Barclays: fated to another predictable stumble?

Barclays is the UK’s only remaining big player in investment banking, but what does the sudden departure of yet another CEO mean for the firm? Will it ever get it right? Successful banks showing dull, boring and predictable results often prove fine investments, but Barclays currently fails these tests.

Blain’s Morning Porridge 2nd November 2021 – Barclays: fated to another predictable stumble?

“What goes up, must come down…”

This morning: Barclays is the UK’s only remaining big player in investment banking, but what does the sudden departure of yet another CEO mean for the firm? Will it ever get it right? Successful banks showing dull, boring and predictable results often prove fine investments, but Barclays currently fails these tests.

Apologies for delay this morning, but it’s been yet another farcical hike to the office after NotWork Rail and Southwest trains conspired to cancel most trains, delay others and then dump us all on a local train for a two-hour nightmare crawl to London. Problem is no tables (that a normal size person can use) on these commuter trains… so no porridge till I got into office at 10.30 after getting to station for 7.05 trains.

Enough whining…. Back to this Morning’s Porridge:

First up – COP26

On Sunday morning, at 7 am I stood in a howling gale on the shore of Southampton Water to watch the demolition of the towering Calshot Chimney. It’s been there for over 50 years – once part of a massive 4 turbine oil powered power station. The station closed in 2012. It was a fascinating moment watching it sink back into the ground. In due course it will be replaced by luxury housing and a marina facility.

It was kind of apt that one of the UK’s largest fossil fuel power stations was destroyed on the first day of the COP26 Conference in Glasgow.  So far at COP26 we’ve heard most of the expected platitudes, watched BBC journalists get excessively excited and listened to the Queen, God bless her, make some pointed comments. Boris might have said something – but dashed if I can remember what… Some really good stuff has emerged – like Merkel focusing on carbon pricing. Don’t give up on it, COP26 is going to spawn a host of new ideas and initiatives – which we will put together post conference.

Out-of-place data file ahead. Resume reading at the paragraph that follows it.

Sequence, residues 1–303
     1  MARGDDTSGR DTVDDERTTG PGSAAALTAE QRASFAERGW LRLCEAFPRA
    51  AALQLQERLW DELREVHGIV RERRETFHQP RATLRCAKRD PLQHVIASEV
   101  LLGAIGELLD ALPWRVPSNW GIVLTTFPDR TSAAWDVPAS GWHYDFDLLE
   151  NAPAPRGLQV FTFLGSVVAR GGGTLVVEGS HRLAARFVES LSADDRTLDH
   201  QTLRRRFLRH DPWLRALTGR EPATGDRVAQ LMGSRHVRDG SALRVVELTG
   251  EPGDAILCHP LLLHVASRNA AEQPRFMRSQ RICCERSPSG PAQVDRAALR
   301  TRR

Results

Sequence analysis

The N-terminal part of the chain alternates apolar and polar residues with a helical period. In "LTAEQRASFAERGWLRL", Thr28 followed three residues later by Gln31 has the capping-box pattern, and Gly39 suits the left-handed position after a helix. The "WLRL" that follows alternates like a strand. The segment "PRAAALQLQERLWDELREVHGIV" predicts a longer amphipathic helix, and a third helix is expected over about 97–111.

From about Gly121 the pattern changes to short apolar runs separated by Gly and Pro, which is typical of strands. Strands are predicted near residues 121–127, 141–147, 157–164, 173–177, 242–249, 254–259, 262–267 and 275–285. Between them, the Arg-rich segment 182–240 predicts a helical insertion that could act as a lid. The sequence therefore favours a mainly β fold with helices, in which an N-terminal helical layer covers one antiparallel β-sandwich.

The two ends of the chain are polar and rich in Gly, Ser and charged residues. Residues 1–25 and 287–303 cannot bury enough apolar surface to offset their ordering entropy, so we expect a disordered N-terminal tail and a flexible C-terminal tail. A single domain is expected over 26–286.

So instead of losing sleep over climate change this morning, or panicking about how the increasing volatility in bond markets will trigger and equity meltdown, let’s get restless about British banking – again.

British Banking…

Two things matter when investing in banks: How Dull, Boring and Predicable it is? And, how good does it look as a CAMEL?

Barclays traces its roots back 330 years, and is the UK’s last real contender in the big investment banking world. It is certainly boring, but hardly dull after CEO Jes Staley was forced to fall on his sword over his relationship with disgraced financier Jeff Epstein. He’s being replaced with Risk, Markets and Numbers man CS Venkatakrishman – one of a number of senior hires Staley brought with him from JP Morgan. There are questions where Venkat has the personality or industry presence to lead the troubled bank forward and reverse its share price decline under Staley.

Staley met Epstein while the latter was a client of JPM’s private client basis. He’s not the first senior banker to be spiked by ties to Epstein; Apollo’s Leon Black was forced out earlier this year. It will be interesting to see how many other senior financiers discover trips to Epstein’s Caribbean lair came at a high price. What’s bad news for Barclays will be Staley’s promise he’ll fight the accusations against him, meaning it will remain a bad smell over the bank.